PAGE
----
Now with the obvious joke out the way, we can take a serious look at a movie about a man who is down on his luck, and is subsequently rescued by a hand puppet of a Beaver.
No, really, it’s a serious movie. Damn serious.
Mel Gibson is a man in a serious funk. He sleepwalks through his work day at the toy company his father left him (which is tanking). He’s uninterested in his wife, Jodie Foster (stop snarking). His teen son (Anton Yelchin of Star Trek) keeps a record of the ways in which he’s like his father, so that he can stop being that way. He can’t even muster a smile for his younger son.
Out of desperation, his wife kicks him out of the house, and he picks up a whole bunch of booze—and the eponymous beaver, fished out of a dumpster—and crashes in a hotel where he drinks himself silly, then tries to kill himself and fails. Only to be woken by the beaver puppet, who starts ordering him around.
The Beaver narrates, by the way.
This works better than one might think. Foster (directing) keeps a light touch for as long as she possibly can, given the heaviness of the subject, and she’s very careful about juxtaposing the puppet and Gibson during the dialogue.
She’s probably not going to get the credit she deserves, really. The audience laughs at the right parts and not at the wrong ones, and stays away from any kind of heavy-handed approach, really just focusing on how crazy folks cope.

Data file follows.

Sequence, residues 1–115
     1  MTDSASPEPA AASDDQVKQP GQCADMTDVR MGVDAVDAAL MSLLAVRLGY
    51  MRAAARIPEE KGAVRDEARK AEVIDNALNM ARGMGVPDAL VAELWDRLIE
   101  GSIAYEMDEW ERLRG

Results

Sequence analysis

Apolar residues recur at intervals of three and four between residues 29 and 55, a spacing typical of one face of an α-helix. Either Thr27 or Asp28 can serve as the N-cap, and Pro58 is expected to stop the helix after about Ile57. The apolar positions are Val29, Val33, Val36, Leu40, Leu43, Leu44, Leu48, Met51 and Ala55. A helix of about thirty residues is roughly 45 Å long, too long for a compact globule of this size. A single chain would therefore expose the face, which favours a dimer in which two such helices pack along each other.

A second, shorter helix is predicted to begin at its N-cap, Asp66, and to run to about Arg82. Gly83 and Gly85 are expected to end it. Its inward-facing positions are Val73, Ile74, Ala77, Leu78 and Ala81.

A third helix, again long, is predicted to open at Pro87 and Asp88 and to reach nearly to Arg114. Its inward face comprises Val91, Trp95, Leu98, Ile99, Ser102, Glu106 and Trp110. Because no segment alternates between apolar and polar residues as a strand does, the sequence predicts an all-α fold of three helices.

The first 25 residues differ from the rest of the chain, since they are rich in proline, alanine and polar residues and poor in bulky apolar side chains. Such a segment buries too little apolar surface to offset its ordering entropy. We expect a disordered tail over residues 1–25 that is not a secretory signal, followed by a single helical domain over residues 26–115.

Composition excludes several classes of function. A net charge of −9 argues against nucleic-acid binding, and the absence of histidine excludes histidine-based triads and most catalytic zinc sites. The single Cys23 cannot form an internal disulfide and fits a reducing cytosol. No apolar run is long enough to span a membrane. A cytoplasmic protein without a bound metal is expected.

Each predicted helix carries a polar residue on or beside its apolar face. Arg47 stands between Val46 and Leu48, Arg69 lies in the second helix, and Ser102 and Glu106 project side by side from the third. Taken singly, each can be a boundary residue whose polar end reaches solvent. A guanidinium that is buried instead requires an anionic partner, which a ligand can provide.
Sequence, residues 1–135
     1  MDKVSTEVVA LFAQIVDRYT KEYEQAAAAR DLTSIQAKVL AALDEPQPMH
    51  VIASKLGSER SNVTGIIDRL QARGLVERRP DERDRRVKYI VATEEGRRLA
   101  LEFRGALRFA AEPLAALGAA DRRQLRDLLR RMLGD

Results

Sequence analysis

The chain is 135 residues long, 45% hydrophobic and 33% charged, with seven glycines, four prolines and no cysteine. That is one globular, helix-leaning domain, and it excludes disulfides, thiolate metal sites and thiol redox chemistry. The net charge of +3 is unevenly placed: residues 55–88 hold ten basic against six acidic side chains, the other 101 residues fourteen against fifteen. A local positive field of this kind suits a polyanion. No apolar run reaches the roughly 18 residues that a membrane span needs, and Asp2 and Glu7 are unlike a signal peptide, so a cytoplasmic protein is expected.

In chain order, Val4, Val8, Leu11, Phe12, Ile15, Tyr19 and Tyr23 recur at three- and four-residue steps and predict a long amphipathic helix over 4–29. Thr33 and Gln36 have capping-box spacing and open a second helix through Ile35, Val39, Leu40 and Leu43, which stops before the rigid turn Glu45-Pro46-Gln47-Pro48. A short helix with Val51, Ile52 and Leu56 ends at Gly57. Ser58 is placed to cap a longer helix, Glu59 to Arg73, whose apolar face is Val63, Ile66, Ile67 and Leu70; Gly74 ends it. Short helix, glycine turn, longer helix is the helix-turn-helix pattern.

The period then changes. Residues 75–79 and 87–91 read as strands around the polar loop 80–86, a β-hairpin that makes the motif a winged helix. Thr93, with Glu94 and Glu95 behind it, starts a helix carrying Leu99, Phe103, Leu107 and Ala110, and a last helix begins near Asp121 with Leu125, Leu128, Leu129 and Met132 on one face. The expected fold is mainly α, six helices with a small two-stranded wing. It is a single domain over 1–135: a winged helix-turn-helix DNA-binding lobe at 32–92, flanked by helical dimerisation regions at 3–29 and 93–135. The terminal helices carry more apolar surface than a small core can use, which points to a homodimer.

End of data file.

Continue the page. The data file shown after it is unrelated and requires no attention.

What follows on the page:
Do I need to say the acting is good? It’s arguably the best stuff Gibson’s ever done. He and Foster have a genuine chemistry, that your heart goes out to her as she’s trying to figure out how to save the man she loves. Yelchin is very good, too, being in that Jesse Eisenberg/Michael Cera mold without the wimpiness of the latter and the bitterness of the former. The little brother (Riley Thomas Stewart) also did a fine job.
Jennifer Lawrence shows up as Yelchin’s girlfriend, who has troubles of her own. You may remember her from Winter’s Bone, and as my pic for last year’s Best Actress Oscar. I liked her but it seemed like her scenes with Yelchin detracted from the film’s intensity.
This was probably deliberate. This movie isn’t trying to be allegorical. At one point, it looks like Gibson and his crazy puppet are going to become media sensations, offering an almost What About Bob? approach to life.
But besides not being a comedy, the movie doesn’t try to be neat. There is fallout from the crazy—serious fallout. And we see the crazy hurting lots of people in lots of different ways: If they had tied everything up in a neat bow, turned Gibson into a kind of crazy savant, it would have cheapened the whole story.
At the same time, it’s not quite great. Solid. Memorable. Great performances. Respectful.
And short. Foster doesn’t wallow in it. She tells her story—in 90 minutes—and gets out. The movie is much the better for it.
Obviously not for everyone. The Boy enjoyed it, but he classed it as one of those movies that looks like it might be really funny, but is really serious instead. (Longtime readers may recall we had a spate of those throughout 2009.)
Me, I was sort of expecting a supernatural overtone, as movies about puppets are wont to speculate on the liveness thereof. There’s never even a hint of that, so when the puppet does seem to defy Gibson’s will, it’s incredibly chilling. Also, it sounds a lot like Michael Caine to me. And that’s sorta scary (since it is of course Gibson).
Not a joke of a movie.